Unfinished business: Our David


our david c 2

July 29th. He’d have been 46 today, and I go on writing poems for him. I’m taken aback, every time. I think there’s nothing left to be said. But there is. There always will be. Happy birthday, lovely boy


I made this box,


ran quick lead in the veins of driftwood roots,

the silver grain of bleached board and the wind-eyes

of burnished beachstones – rose quartz, granite, flint,

bound them with silver wire to honey oak, red pine,

and clenched them tight with sea-rust iron nails.


I made this box for you


I filled it with fragments, beachcombed

sea glass, wisps of snagged wool.

I wanted you to know

the random loveliness of being alive,

to know it in your bones and blood.


I put in :


snow, to remember draughts

and rooms with cold corners;


a black handled knife, sharp as silk

in a grey-vaulted market, the scent


of cut flowers to show that fathers

give like the gods; a bicycle stammering


through stems of barley, willowherb,

to understand that gravity may be defied;


the humped glass of a brown river,

black branches snagged on the weir’s rim;


these bundled letters in different hands

and inks to show how words fall short of love.


I put in riddles:


silhouettes of mountains, oiled gun barrels,

a sheriff’s badge, a dust-blown street,


a child running in a drift of grasses,

a scrubbed deal table in a pitman’s house.



I wondered if you’d find the answers

if I might understand the questions.


I did not want to put inside my box

your cold clay mouth

this pale oak chamfered cube

and my two hands holding it, all


I wanted was you holding my box

in a high place

where you could only fly, not fall

our david c 1


I made this box” appeared originally in Much Possessed. smith|doorstop 2016

8 thoughts on “Unfinished business: Our David

  1. Dear John,

    I attended the York Explore Library poetry event last night (24/01/19) and was moved by the piece you shared about your son David.

    I am so sorry for your loss – i know your heart must have broken in ways – perhaps unsalvageable to this day.

    The reason i write to you – is because i myself, am 21 this year. Only last week i overdosed on my anti-depressent pills and left a note for my parents explaining how it had not been an accident.

    Of course, i do not know of your relationship with David, nor do i know the circumstance or reasoning, but what your poem did allow me to understand was – what my own father had meant when he had said i had been selfish to have acted upon my suicidal thoughts, selfish to have asked for an early death.

    Suicide – can be very selfish, very in the moment, very manipulative, very scary, very isolating. Regardless of what you may or may not think, as a surviver of an attempted suicide but continued outpatient of mental health services, i want to remind you that David – would have loved you very much. You are not to blame, and that although his life was cut short, and how i know you wish there had been more days for him, try to recall the good parts of those 21 years. Bottle those moments, the smiles, the laughter, the arguments, the fallouts.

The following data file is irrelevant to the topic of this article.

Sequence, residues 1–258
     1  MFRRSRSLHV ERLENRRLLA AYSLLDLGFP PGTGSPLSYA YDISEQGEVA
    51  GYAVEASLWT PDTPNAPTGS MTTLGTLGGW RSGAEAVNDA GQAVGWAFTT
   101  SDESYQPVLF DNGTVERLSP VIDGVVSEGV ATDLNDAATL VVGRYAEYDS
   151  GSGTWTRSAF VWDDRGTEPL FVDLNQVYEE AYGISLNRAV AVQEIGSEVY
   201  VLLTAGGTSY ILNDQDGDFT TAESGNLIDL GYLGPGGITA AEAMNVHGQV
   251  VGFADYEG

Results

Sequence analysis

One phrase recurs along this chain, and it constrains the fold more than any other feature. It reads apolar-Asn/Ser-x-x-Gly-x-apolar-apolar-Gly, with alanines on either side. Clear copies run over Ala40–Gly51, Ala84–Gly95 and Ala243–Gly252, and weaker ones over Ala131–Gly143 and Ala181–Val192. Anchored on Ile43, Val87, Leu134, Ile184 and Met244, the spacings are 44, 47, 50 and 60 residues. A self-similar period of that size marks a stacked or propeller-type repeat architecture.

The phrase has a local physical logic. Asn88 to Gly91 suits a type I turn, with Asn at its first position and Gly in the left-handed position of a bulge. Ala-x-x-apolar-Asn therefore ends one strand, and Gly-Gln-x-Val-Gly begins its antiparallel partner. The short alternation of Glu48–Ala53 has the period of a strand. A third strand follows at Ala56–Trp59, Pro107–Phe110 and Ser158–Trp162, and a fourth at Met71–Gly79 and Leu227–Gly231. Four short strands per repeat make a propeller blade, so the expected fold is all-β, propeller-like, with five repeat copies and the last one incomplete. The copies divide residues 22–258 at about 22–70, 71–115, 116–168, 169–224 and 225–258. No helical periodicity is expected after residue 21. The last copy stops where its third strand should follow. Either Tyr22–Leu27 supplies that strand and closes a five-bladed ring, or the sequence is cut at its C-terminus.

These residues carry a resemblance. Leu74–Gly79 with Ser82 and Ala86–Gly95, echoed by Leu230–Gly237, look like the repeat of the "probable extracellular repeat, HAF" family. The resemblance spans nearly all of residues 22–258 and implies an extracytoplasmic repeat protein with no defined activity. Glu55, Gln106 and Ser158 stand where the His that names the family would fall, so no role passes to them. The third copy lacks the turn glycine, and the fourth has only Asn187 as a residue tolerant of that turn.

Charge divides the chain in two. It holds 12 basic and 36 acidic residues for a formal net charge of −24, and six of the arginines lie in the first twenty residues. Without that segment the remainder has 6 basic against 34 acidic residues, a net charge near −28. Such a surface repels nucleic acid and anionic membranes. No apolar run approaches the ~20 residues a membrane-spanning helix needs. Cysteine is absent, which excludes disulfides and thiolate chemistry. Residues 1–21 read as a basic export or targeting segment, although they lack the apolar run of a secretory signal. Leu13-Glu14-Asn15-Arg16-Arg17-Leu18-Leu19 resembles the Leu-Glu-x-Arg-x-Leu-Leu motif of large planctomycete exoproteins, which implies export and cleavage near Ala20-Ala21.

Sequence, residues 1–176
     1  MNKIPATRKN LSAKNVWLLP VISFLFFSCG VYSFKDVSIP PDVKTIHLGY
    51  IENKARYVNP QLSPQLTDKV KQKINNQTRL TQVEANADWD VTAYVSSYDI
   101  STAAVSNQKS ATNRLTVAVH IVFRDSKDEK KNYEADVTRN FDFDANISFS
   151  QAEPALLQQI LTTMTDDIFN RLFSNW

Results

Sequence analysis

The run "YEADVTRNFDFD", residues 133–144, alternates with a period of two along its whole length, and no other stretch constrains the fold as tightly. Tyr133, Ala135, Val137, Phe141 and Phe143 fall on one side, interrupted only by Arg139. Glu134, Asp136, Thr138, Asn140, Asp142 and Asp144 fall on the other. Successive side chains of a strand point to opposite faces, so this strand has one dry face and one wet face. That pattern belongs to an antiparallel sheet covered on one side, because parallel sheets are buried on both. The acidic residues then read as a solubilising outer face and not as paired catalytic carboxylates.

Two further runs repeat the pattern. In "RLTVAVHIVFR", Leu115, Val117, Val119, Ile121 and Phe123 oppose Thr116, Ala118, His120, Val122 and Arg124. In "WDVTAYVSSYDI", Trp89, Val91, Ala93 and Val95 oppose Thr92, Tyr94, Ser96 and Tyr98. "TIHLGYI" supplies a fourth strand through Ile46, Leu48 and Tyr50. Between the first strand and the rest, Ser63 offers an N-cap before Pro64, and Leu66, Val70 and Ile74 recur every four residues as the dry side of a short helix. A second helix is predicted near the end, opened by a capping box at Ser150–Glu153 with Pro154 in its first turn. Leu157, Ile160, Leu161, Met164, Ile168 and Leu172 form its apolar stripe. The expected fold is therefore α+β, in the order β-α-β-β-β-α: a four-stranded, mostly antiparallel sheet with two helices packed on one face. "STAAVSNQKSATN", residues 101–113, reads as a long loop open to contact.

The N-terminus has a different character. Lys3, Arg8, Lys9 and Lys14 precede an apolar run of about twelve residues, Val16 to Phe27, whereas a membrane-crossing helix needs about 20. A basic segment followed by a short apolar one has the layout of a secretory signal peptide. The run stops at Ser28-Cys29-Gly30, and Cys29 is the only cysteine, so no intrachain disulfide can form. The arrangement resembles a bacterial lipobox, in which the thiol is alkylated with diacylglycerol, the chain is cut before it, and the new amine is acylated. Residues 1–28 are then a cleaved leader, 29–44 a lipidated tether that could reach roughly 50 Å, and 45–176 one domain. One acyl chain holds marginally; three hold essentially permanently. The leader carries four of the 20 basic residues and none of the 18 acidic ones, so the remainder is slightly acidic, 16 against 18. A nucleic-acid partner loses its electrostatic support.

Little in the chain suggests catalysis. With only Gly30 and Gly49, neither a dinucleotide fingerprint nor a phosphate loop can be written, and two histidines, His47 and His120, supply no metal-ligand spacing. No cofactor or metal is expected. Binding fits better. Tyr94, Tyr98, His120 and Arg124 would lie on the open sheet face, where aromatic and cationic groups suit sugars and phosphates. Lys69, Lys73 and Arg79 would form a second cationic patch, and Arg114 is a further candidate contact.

I know there is no solution, no fix, no way of getting over it, i am not going to be ignorant enough to even suggest such a thing – it is shit. Well and truly. No doubt about it. Mental health, is well and truly, shit. Yet you HAVE managed to pick yourself up somehow, i applaud you for doing so as i cannot imagine how difficult it must have been at the time. You have inspired me to keep on writing and using poetry as an outlet for my emotions. You have inspired me to really take care of those around me, and hey, even myself sometimes!

    I wish you all the best. Apologies if this email is out of turn, i really do not mean to cause upset or offence – after hearing you read tonight i simply could not get to sleep without getting in touch.

    Thank you for your bravery and for sharing your story of David with us.

    Best wishes,

    Liked by 1 person

    1. I’m very moved by your story, Amber. Thank you for trusting me with it. I think there are two things I hold on to, quite unshakeably. I have never understood how anyone who takes, or tries to take, his/her own life could be accused of selfishness. Think about it. It seems simple when you listen to the accusation..’how could you do this to ME?’. Not “how could you ever hurt yourself like that?” I think I understand. It’s about fear. It’s about acknowledging that either you couldn’t help, or didn’t know you needed to help, or simply ignored it and hoped it would go away…..well, who wouldn’t fear admitting it? It’s about transferring the guilt. It’s not cruel or stupid. It’s about self-preservation. The other thing is that we need to learn to love ourselves. Until we do that we can’t love or help each other. It’s one of the first things I had to learn as a recovering alcoholic (which genuinely wasn’t related to David’s suicide)…we have to admit that we can’t manage our own lives without help. In AA that’s a higher power. It’s difficult to understand. A long long process. And it’s impossible if we can’t have the kind of ‘selfishness’ that lets us love ourselves. It sounds like you have a lot to live for. Love yourself. You deserve it.

      Liked by 1 person

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